TREASURIES-Bonds slump on strong data, Europe optimism

* Bond appetite flags on solid U.S. data

* U.S. said ready to support bigger EU rescue fund

* 10-year note yield finds support at 2.95 pct

* Fed buys $8.17 bln in notes maturing in 2016 and 2017
(Updates market action, adds news on EU fund)

By Karen Brettell

NEW YORK, Dec 1 (BestGrowthStock) – U.S. Treasuries prices stumbled
on Wednesday with yields approaching recent highs, as data
showed the U.S. economy may be strengthening and speculation
grew that the European Central Bank would provide more help for
weaker nations.

Optimism over a resolution to the European debt crisis rose
on news that the United States may be ready to support the
extension of the European Financial Stability Facility via an
extra commitment of money from the International Monetary Fund.
For more, see [ID:nBRU011183]

Bond prices hit session lows after a report showed U.S.
private sector payrolls posted their biggest rise in three
years in November, lifting confidence about the job market
before Friday’s U.S. employment report for November.

They pared some losses, however, after a report showed that
the pace of U.S. manufacturing tapered off slightly in
November, though the sector still posted its 16th consecutive
month of expansion.

“Treasuries are more likely to trade on U.S. data in the
short term,” said Brian Yelvington, fixed income analyst at
Knight Securities in Greenwich, Connecticut. However, “we
believe European sovereign spreads will remain under pressure
without significant coordinated policy action.”

Speculation that the ECB could launch a new debt purchase
program to combat turmoil in the region lifted risky assets,
including stocks, and reduced demand for safe-haven debt. The
ECB declined to comment on the bond purchase speculation.

“We’ve got a lot of traders, particularly in Europe,
hopeful that the European central bank is going to address a
great deal of more support for weaker sovereigns,” said Jim
Vogel, interest rate strategist at FTN Financial in Memphis,

He added that investors were looking for an opportunity to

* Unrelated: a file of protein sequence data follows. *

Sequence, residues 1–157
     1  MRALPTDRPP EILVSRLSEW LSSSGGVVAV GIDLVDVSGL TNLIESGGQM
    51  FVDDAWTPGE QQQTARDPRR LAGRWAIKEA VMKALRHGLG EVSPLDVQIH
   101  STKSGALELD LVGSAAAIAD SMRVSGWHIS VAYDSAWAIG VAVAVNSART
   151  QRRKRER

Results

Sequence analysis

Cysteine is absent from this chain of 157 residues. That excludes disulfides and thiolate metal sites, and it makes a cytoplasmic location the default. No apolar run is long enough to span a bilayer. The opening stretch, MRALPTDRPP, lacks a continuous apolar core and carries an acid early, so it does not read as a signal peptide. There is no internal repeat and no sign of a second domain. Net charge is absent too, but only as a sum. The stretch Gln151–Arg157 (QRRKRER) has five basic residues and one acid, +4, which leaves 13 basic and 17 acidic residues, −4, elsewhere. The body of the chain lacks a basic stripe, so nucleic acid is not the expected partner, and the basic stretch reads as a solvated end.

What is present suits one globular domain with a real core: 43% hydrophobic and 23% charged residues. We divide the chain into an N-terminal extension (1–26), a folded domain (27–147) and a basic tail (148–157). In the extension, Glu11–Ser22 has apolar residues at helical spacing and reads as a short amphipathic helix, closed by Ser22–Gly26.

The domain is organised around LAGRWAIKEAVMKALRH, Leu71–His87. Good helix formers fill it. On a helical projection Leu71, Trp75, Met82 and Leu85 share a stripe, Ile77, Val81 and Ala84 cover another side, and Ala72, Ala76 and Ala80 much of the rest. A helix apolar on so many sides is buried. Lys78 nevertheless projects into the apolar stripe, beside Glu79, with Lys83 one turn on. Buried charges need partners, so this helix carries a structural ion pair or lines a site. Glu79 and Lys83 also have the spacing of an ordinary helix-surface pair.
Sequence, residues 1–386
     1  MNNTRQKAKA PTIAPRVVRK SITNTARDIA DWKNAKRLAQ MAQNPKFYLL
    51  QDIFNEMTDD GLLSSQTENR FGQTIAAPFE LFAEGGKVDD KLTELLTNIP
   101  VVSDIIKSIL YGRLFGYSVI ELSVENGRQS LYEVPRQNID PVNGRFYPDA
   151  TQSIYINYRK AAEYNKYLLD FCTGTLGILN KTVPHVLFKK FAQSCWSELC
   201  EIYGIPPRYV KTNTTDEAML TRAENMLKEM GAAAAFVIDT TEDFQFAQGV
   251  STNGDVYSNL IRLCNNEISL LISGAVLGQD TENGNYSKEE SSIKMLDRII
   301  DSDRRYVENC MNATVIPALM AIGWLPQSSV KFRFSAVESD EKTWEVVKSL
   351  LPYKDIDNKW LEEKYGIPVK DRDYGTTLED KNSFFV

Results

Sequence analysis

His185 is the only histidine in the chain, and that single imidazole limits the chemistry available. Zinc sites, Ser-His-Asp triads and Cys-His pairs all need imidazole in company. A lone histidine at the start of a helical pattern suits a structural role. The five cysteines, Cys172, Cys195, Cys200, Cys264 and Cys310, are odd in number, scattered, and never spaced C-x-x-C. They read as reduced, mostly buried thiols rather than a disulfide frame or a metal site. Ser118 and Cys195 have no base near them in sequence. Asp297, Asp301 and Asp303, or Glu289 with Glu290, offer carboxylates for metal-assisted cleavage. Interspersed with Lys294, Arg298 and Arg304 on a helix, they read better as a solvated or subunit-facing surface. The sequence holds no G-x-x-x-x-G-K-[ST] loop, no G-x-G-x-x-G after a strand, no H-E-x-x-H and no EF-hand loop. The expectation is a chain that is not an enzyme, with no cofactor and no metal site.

reduce their positions in high grade government bonds.

Benchmark 10-year Treasury notes (US10YT=RR: ) fell 1-1/32
point in price to yield 2.93 percent, up from 2.80 percent on
Tuesday. They found chart support in the 2.95 percent area.

The 30-year bond (US30YT=RR: ) dropped 1-16/32 in price to
yield 4.20 percent, up from 4.11 percent late Tuesday.

The cost of insuring U.S. government debt in the credit
default swap market fell to around 43 basis points, or $43,000
per year to insure $10 million in debt for five years. The
swaps had traded at about 46 basis points on Tuesday, their
highest level since October 7, according to Markit Intraday.

The Federal Reserve bought $8.17 billion of notes due
between 2016 and 2017 on Wednesday as part of a second round of
its quantitative easing program.

The bond purchases have helped stabilize Treasury prices in
recent days, though the selling of positions taken ahead of the
Fed’s Nov. 3 quantitative easing statement still caused the
debt to end November as its worst month in nearly a year.

Fed purchases are likely to continue to provide a bid to
the market, though improving data could push yields higher as
investors start pricing in higher inflation expectations.

“The longer term view that we have is that the economy is
slowly healing,” said Tom Girard, head of portfolio management
and strategy at the fixed income investors group of New York
Life Investments in New York.

“It wouldn’t surprise me at some point in 2011 if the
consensus starts to turn and people start to revise up their
forecast for economic growth and therefore Treasury yields
ultimately reverse and move higher,” he said.
(Additional reporting by Richard Leong; Editing by Padraic

TREASURIES-Bonds slump on strong data, Europe optimism